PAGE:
Whenever James speaks of the rich as plousios there is a consistently negative message without any hope offered. In 1:10-11, the rich will pass away like a wild flower. In 2:6-7, the rich are seen as persecuting Christians and slandering the name of Christ. In 5:1-6, the rich are guilty of greed, injustice, self-indulgence and murder. They are promised only misery. The only other use of plousios, in 2:5, is not a contradiction to this rule, since plousios is used here in its figurative sense: those who are poor in material wealth are said to be "rich in faith." The fact that James's other descriptions of people with wealth (in 2:2 and 4:13) do not employ the term plousios does leave the term with a uniformly negative connotation in this letter. This, of course, is the heart of the case made by Davids and others in viewing "the rich" in 1:10 as non-Christians. Their argument is quite plausible and consistent with the entirety of James's message.
The narratives authors employ can reveal intended meaning that may be unclear from their didactic statements alone. James's narratives about the rich and the poor become additional evidence of his meaning.
 1:2. The prevalent situation of James's readers is the suffering of diverse trials. Though this does not mention poverty explicitly, the "humble circumstances" in 1:9 seem to be brought up as a prime example of the trials.
 1:27. The example chosen to illustrate pure religion is action on behalf of needy people.
 2:2-4. Rich people may attend a Christian meeting, but they are not to be shown favoritism above the poor.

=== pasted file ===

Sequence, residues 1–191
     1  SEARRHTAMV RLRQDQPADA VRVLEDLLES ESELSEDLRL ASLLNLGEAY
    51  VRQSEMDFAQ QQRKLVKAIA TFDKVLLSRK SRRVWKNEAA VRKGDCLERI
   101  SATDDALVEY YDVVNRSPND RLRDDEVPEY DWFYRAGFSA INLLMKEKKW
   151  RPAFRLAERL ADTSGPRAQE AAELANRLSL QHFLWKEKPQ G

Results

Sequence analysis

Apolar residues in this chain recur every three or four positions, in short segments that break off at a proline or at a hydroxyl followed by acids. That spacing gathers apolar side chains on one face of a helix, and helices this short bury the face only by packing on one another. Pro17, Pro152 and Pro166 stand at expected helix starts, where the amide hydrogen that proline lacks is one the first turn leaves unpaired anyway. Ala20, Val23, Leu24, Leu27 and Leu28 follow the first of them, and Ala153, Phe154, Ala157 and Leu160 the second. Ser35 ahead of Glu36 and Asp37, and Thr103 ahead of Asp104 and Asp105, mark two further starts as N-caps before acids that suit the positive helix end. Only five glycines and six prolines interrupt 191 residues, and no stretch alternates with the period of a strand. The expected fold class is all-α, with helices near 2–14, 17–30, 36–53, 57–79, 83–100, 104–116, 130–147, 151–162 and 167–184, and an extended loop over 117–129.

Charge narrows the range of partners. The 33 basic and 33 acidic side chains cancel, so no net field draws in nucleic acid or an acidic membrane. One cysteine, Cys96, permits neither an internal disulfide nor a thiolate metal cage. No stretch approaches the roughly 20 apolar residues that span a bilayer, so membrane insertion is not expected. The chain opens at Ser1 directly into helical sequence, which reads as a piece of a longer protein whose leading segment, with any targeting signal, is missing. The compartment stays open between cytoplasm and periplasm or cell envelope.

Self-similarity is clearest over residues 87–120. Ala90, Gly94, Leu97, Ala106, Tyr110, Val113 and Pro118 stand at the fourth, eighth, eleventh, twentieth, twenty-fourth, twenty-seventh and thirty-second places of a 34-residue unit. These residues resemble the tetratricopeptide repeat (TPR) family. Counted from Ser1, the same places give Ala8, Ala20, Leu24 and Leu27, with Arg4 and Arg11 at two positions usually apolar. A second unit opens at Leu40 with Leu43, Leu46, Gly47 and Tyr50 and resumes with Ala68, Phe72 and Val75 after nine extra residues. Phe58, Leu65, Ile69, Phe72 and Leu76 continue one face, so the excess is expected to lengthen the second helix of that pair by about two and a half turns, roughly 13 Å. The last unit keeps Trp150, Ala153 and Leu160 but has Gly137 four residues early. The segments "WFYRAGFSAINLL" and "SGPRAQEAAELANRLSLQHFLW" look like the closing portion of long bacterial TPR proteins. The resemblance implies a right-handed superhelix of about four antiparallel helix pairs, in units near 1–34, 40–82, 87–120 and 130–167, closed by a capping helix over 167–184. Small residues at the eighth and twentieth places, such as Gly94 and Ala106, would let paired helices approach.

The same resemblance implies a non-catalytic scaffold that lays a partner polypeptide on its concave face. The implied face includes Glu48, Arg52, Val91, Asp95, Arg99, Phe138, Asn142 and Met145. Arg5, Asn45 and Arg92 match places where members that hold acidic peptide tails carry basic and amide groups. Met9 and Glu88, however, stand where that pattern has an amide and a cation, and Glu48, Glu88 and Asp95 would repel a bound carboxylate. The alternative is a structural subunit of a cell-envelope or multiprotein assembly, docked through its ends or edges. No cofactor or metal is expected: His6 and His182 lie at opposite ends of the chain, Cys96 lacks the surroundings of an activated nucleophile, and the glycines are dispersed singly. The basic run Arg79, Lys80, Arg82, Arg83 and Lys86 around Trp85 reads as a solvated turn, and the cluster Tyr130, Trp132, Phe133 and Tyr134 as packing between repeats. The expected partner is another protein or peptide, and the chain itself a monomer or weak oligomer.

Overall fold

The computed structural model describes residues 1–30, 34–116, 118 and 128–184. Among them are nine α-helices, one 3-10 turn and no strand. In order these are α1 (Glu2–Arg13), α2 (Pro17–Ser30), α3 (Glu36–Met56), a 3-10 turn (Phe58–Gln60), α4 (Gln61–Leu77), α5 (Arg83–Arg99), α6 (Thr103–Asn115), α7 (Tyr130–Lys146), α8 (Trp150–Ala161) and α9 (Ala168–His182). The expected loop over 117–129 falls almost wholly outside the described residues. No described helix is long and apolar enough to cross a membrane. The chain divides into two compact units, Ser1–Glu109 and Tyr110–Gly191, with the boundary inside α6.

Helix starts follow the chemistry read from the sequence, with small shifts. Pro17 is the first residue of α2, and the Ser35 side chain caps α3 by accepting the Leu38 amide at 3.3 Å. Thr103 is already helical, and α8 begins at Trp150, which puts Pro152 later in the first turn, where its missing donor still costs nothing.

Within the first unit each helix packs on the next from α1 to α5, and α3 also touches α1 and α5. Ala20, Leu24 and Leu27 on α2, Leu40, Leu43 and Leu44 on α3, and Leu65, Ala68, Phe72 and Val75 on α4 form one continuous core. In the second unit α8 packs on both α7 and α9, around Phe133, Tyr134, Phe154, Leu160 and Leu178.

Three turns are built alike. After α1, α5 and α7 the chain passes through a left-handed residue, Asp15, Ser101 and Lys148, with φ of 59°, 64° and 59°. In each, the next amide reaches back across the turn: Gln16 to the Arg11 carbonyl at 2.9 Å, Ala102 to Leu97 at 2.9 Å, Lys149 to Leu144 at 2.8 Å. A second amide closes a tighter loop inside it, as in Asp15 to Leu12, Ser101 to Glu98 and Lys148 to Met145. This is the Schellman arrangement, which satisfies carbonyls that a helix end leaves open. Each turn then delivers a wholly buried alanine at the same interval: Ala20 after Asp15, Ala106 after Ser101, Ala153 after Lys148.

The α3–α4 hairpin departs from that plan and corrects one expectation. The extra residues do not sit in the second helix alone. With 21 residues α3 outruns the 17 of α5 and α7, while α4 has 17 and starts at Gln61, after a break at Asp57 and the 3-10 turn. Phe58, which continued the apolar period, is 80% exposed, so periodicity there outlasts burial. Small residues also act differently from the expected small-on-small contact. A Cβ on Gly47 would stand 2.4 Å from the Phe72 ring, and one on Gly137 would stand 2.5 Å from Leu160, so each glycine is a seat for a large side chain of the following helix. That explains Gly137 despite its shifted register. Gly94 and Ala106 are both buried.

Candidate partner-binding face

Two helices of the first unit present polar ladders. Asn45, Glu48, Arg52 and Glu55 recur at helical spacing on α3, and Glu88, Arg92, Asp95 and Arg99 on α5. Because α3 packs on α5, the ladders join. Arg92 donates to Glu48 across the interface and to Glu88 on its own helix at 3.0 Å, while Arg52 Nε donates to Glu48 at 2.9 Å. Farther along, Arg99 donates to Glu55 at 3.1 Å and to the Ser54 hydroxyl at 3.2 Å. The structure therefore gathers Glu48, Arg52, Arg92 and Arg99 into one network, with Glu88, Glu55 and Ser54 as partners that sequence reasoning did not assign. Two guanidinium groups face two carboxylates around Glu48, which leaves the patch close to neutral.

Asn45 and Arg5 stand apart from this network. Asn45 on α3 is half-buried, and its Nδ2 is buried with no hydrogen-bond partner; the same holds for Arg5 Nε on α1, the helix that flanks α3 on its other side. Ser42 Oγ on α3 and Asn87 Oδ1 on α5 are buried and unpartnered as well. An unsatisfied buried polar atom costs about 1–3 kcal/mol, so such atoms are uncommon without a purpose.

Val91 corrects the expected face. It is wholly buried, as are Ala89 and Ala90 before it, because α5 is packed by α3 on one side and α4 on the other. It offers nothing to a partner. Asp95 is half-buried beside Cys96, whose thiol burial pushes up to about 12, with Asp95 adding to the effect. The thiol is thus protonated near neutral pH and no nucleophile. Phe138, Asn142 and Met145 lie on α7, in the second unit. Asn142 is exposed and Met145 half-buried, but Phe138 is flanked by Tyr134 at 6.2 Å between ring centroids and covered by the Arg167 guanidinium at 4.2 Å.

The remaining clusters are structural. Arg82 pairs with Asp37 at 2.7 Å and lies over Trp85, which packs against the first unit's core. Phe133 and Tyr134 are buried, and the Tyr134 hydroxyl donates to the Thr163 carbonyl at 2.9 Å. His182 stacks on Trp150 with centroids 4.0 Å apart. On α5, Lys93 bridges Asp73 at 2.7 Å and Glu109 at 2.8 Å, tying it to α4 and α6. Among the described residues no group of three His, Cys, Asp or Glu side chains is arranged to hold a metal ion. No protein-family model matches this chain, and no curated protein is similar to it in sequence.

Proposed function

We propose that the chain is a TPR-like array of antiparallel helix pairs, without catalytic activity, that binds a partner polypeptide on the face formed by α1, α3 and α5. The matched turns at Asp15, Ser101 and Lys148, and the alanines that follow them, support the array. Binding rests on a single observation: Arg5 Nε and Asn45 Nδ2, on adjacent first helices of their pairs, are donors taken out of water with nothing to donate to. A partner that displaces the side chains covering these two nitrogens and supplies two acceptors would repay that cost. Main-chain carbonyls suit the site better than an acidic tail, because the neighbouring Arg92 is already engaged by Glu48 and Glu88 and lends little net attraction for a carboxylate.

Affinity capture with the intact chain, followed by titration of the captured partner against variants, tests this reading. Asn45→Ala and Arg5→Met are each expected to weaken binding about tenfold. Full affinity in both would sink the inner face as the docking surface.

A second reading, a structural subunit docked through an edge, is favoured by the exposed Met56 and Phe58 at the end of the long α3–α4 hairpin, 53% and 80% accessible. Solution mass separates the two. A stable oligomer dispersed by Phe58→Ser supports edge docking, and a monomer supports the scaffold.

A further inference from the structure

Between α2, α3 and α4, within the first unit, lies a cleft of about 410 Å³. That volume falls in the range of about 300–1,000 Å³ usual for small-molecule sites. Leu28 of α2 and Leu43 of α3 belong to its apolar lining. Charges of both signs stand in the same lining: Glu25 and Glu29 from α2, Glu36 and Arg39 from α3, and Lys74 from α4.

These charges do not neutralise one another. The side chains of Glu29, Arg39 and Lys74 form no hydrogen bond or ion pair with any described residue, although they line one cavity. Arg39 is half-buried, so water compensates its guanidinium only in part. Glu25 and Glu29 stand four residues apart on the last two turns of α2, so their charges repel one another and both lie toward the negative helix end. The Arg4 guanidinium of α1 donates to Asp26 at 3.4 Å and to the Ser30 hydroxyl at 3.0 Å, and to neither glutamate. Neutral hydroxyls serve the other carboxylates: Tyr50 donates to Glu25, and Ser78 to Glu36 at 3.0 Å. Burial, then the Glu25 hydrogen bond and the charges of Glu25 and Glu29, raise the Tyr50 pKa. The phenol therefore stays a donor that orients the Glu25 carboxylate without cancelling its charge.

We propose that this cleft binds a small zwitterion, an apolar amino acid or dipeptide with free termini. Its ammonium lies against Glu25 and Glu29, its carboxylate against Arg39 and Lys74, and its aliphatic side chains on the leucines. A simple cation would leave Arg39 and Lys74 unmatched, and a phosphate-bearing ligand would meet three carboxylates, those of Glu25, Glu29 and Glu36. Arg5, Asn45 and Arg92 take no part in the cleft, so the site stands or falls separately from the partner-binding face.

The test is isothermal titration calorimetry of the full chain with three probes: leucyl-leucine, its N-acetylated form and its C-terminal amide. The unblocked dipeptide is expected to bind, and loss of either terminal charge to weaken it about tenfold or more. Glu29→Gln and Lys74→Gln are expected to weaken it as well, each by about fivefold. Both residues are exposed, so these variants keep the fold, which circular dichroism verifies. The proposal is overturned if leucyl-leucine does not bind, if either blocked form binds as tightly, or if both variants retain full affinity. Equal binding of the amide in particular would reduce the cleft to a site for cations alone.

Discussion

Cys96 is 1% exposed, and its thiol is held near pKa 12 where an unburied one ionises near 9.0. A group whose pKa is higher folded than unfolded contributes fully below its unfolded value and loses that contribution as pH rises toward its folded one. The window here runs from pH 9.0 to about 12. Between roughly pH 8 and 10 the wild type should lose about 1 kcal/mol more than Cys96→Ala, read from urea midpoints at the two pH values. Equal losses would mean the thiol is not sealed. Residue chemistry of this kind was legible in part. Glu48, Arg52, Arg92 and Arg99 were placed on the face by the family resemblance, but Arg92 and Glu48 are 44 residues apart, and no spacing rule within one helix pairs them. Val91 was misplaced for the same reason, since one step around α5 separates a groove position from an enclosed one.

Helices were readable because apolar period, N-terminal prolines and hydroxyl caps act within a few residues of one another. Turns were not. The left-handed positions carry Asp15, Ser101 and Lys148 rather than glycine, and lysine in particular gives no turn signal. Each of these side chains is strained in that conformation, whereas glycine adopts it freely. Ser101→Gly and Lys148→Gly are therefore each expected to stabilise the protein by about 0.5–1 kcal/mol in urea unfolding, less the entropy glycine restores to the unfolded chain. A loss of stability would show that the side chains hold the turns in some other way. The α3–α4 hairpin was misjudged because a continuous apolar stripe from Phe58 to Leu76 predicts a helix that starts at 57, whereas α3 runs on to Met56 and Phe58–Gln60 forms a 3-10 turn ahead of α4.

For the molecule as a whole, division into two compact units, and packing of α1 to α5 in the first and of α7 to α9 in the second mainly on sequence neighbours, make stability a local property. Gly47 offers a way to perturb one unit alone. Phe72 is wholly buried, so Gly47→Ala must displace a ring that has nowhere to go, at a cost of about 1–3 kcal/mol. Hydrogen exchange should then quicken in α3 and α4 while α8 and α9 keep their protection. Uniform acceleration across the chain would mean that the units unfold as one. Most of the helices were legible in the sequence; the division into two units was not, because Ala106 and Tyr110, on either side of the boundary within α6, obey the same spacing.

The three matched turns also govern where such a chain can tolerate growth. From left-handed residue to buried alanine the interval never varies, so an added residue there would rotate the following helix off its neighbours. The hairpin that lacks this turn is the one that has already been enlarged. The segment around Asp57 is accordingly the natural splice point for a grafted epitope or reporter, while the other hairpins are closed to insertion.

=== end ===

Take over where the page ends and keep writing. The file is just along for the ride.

2:6-7. The rich typically exploit Christians and blaspheme the name of Christ.
 2:15. The example of proper deeds accompanying genuine faith is to help a "brother or sister" who is poor.
 4:13-17. Those who have any money are warned to know their complete dependence on the Lord.
 5:1-6. The rich are seen as people who arrogantly abuse the power that their wealth brings.
The picture derived from this narrative material in the letter is that James wrote with a particularly intense concern for the poor, and that this was probably because his Christian readers were predominantly poor or at least suffering some significant economic hardship. There would have been exceptions--some rich people would be turning to Christ, and these would have been the referents of 2:2 (Davids 1982:108). However, in general adelphos and tapeinos became almost synonymous.
Adamson dismisses the view that the rich of 1:10 are non-Christians as having "little to commend it" (1976:61). He lists the weaknesses of that view as being that it is unnatural not to supply the term brother to complete rich in this context, that it requires an excessively ironical sense for 1:10 and that it makes the verse only loosely connected to the context of trials begun in 1:2. These arguments now appear rather surprising since, on the contrary, so far the view that the rich are unbelievers seems to be very possible from the syntax, quite appropriate to James's intense, imaginative, rhetorical style of writing and thoroughly in keeping with the historical context of Christians suffering trials.
Gathering together the connotations with which James uses the term, we can say that the discourse meaning of plousios is one who has material wealth and typically displays arrogance in abusing its power.